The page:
|Author||Joseph A. Adler, Kidder Smith, and Peter K. Bol|
The I Ching, or Book of Changes, has been one of the two or three most influential books in the Chinese canon. It has been used by people on all levels of society, both as a method of divination and as a source of essential ideas about the nature of heaven, earth, and humankind. During the eleventh and twelfth centuries, Sung dynasty literati turned to it for guidance in their fundamental reworking of the classical traditions. This book explores how four leading thinkers--Su Shih, Shao Yung, Ch'eng I, and Chu Hsi--applied the I Ching to these projects. These four men used the Book of Changes in strikingly different ways. Yet each claimed to find in it a sure foundation for human values. Their work established not only new meanings for the text but also new models for governance and moral philosophy that would be debated throughout the next thousand years of Chinese intellectual history. By focusing on their uses of the I Ching, this study casts a unique light on the complex continuity-within-change and rich diversity of Sung culture.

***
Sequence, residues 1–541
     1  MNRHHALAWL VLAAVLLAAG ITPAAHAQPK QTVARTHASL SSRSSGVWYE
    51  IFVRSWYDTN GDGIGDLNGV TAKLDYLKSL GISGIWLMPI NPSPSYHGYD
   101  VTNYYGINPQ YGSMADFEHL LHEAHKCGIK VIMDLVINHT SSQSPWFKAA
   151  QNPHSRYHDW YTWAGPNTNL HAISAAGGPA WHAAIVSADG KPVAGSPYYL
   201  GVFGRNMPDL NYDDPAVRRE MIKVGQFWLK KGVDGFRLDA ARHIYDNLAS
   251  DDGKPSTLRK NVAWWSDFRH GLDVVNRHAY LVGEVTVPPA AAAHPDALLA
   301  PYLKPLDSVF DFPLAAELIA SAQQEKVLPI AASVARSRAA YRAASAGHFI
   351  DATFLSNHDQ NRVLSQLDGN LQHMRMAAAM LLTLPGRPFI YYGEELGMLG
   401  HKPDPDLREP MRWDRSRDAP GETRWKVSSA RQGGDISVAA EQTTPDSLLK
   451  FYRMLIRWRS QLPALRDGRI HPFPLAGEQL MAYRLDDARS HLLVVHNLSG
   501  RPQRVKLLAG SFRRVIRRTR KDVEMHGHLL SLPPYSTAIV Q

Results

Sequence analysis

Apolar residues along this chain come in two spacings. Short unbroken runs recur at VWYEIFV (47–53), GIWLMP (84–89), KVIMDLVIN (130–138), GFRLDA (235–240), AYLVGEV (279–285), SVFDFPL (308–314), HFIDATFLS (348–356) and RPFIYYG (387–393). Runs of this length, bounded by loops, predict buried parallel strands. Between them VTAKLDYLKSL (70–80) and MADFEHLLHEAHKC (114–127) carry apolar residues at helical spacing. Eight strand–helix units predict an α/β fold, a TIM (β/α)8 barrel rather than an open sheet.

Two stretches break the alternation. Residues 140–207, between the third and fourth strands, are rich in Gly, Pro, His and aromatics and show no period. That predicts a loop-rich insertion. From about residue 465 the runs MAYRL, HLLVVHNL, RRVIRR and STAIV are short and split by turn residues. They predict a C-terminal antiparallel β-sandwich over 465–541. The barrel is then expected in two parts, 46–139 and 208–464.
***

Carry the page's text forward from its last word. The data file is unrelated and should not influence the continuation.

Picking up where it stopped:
Originally published in 1990.
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